A2.4 Process of orthophoto map production - LUPMISManual

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Annexes 1-10 > A2. Background to cartography/raster images

A2.4 Process of Orthophoto Map Production

Level of expertise required for this Chapter: Intermediate; general GIS training

The process of producing orthophoto maps passes through different stages:

A) Aerial photography

Photos are taken by a camera from an airplane. There are different technologies to take these photographs. It can be done either from low-altitude (recommended) or high-altitude (conventional, because of cloud cover in Ghana less recommended) flying airplanes.

These can be done with digital cameras (recommended, as this is fast, precise, economic) or on conventional films (which have to be chemically developed and then scanned, because of these processes and the time required less recommended).

The output of this process are aerial photos in digital format (mostly, in
TIF format).

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B) Georeference

The photos have to be georeferenced, i.e. with general reference to the location, often positioned either on the centre of the photo or on a few points.

The output of this process are georeferenced photos, with coordinates either embedded in the photo file (for example, GeoTIFF file) or added as a separate 'world file' (
JPW for JPG, TFW for TIF, BMW for BMP).

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C) Orthorectification

A few points of georeferencing are not sufficient for precise spatial GIS files, particularly in steep and undulating terrain. Topography can distort the photos. A digital elevation model (DEM) has therefore to be superimposed on the photos, which can be done only with specific software. Normally, this process requires a few ground control points (GCP).

The output of this process are orthophotos, where every location of the photos is geographically correct located with its coordinates.

In flat areas, it might be sufficient to have more GCPs, but no orthorectification process. Quality has to be carefully checked in all areas of the photo.

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D) Satellite image

Images taken by satellite (QuickBird, GeoEye, Ikonos etc) follow a very similar process. They are always taken by scanners (i.e. digital) and always georeferenced (sometimes called ‘georectified’ by the imagery providers).

Orthorectification requires 4-8 ground control points for each image. They have to be collected in the field.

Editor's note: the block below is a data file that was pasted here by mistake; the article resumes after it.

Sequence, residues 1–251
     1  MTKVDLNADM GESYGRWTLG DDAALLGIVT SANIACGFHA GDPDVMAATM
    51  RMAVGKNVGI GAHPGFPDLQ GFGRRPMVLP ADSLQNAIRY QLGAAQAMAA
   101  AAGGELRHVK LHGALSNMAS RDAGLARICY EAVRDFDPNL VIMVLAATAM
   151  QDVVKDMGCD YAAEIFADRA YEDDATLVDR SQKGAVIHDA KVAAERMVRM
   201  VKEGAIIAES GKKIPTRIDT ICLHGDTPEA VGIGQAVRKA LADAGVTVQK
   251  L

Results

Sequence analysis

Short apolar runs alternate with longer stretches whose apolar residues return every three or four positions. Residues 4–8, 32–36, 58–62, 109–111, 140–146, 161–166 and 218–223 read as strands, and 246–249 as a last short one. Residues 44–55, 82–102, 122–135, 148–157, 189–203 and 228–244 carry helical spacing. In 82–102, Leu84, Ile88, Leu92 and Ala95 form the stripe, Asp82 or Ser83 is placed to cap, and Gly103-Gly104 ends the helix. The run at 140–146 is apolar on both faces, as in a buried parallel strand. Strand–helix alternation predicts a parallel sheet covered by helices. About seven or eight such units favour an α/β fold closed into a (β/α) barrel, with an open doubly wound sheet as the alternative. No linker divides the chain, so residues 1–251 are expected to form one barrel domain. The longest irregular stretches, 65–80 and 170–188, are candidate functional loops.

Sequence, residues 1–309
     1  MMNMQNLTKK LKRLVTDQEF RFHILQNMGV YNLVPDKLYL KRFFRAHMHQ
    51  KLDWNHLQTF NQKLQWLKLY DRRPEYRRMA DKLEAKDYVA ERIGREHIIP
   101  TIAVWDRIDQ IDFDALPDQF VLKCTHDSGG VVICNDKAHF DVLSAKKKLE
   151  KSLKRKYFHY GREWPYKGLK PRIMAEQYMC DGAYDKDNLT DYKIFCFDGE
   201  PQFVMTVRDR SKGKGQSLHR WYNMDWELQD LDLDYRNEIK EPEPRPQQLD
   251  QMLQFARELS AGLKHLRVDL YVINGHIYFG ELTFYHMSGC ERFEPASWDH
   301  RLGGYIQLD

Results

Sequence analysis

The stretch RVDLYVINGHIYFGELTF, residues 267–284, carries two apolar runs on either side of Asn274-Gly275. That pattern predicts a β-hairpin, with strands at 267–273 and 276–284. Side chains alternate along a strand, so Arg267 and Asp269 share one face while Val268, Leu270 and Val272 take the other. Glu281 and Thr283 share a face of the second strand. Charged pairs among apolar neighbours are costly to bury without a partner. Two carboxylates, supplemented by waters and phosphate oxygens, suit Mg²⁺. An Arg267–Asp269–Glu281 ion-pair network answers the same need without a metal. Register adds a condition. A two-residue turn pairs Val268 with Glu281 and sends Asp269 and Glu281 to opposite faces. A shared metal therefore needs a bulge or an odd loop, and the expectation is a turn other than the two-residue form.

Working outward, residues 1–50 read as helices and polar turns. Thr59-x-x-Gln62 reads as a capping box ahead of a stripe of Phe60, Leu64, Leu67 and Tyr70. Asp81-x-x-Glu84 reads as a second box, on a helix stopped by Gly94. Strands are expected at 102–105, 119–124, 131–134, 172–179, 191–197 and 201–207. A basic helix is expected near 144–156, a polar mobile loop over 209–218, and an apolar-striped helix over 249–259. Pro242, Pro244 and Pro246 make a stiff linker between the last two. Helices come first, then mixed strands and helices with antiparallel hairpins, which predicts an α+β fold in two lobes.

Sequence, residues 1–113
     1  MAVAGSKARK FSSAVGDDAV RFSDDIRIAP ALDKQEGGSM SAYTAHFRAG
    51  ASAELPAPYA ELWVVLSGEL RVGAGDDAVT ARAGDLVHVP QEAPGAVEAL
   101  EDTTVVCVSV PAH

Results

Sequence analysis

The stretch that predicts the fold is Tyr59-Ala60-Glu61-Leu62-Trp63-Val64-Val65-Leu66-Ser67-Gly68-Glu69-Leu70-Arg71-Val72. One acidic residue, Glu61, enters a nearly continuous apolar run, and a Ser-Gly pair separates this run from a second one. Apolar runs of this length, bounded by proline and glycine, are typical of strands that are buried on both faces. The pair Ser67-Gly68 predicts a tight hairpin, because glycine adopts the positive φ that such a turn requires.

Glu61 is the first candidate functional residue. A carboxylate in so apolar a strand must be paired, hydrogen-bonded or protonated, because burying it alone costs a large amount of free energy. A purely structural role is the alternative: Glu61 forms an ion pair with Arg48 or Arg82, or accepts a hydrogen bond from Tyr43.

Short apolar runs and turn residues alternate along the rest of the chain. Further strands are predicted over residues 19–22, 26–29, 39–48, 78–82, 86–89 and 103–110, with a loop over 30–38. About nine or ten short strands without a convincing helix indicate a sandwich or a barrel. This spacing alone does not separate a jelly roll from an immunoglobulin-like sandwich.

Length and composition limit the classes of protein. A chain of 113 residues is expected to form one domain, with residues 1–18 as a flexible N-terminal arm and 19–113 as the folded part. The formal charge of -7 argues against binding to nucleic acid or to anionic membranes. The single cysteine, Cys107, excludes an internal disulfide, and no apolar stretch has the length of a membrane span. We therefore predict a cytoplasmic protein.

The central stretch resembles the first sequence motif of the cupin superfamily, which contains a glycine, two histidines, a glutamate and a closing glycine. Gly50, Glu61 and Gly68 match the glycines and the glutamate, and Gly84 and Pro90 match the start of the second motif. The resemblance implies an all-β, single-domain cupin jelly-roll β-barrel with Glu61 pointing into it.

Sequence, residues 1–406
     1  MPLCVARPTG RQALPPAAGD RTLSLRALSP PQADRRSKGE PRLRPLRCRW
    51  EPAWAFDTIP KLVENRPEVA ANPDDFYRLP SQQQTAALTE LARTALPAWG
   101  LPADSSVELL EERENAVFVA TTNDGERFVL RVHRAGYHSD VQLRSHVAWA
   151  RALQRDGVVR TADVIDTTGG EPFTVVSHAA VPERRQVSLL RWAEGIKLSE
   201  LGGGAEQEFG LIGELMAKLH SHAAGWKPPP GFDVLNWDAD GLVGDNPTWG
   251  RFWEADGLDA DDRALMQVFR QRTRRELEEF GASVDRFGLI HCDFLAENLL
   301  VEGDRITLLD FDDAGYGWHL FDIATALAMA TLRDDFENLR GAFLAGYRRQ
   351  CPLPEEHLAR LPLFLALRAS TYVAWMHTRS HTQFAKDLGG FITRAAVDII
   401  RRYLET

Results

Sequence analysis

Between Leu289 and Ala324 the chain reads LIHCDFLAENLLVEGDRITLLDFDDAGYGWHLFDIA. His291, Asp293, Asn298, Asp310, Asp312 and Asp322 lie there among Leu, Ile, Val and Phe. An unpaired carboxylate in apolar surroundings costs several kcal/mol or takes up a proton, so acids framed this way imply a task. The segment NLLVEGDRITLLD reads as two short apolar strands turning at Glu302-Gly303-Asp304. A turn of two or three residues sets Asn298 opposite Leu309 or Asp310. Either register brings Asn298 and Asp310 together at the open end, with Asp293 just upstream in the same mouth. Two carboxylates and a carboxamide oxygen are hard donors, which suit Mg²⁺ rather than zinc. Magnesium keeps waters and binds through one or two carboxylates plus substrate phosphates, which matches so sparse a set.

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E) Requirements for orthophotos / satellite images for use at TCPD

Requirements below apply both for land use mapping (at the scale of + 1:15,000, as explained in Chapter 7.2.2) and for detailed mapping (at the scale of + 1:2,000, as explained in Chapter 7.3.2).

  • Coordinates: Should be in UTM, based on WGS 84.

  • Resolution: Should be 1 m or better (for easy identification of buildings). QuickBird has 0.60 m, Ikonos 1 m.

  • Positional accuracy: Should be better than 4 m at 90% of the photo (depending on the accuracy of the ground control points and the GPS).

  • Preferred type: Colour (‘natural colour’), 8-bit. Multispectral images are not required at this stage of land use mapping at TCPD.

The interpretation and use of satellite images for land use planning, as illustrated in this Manual, are exactly the same as for orthophotos.

Currently (2009), satellite QuickBird provides many images for land use mapping and planning with:

  • panchromatic images of 0.60 cm resolution and

  • multispectral images of 2.40 m resolution.

These can be combined for true-colour, high-resolution images.

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F) Difference between resolution and accuracy

High resolution helps to identify objects on the ground, to see the image clearly, even when zoomed in very much. Resolution relates to the size of each pixel. For measurement, see part B of Chapter 5.3.1. For tabular summary, see table in part D of Chapter 5.3.1.

F.1) Low resolution (i.e. of 30 m as of old days’ Landsat)  is not very useful for land use mapping and land use planning, because you can identify only very large objects such as water bodies, forests etc

A resolution of 3-10 m can help to see objects such as large buildings, sufficient for small-scale land use mapping:

Only a resolution of 1 m or better can show sufficient detail to see all objects necessary for land use mapping for structure plans (see Chapter 7.2.

See also  Chapter 7.3.1 and  Annex 2.2.2 (3rd para) for resolution requirements of LUPMIS, to come up with a land use plan accuracy of +/- 10 m:

A resolution of 20-40 cm or better will be that detailed, that even mapping - and surveying - for local planning can be carried out (see Chapter 7.3):

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F.2) The horizontal accuracy determines how precise is the location (thus, the coordinates) against the coordinate system of the base map or of the GPS. For land use mapping and land use planning, an error of +/- 3 m is acceptable as the difference between the georeferenced image and the 'true' coordinates. Geodetic and cadastral surveys require higher accuracy, e.g. of sub-meter level.

This can be tested by comparing features on the ground with high-accuracy GPS against the image.


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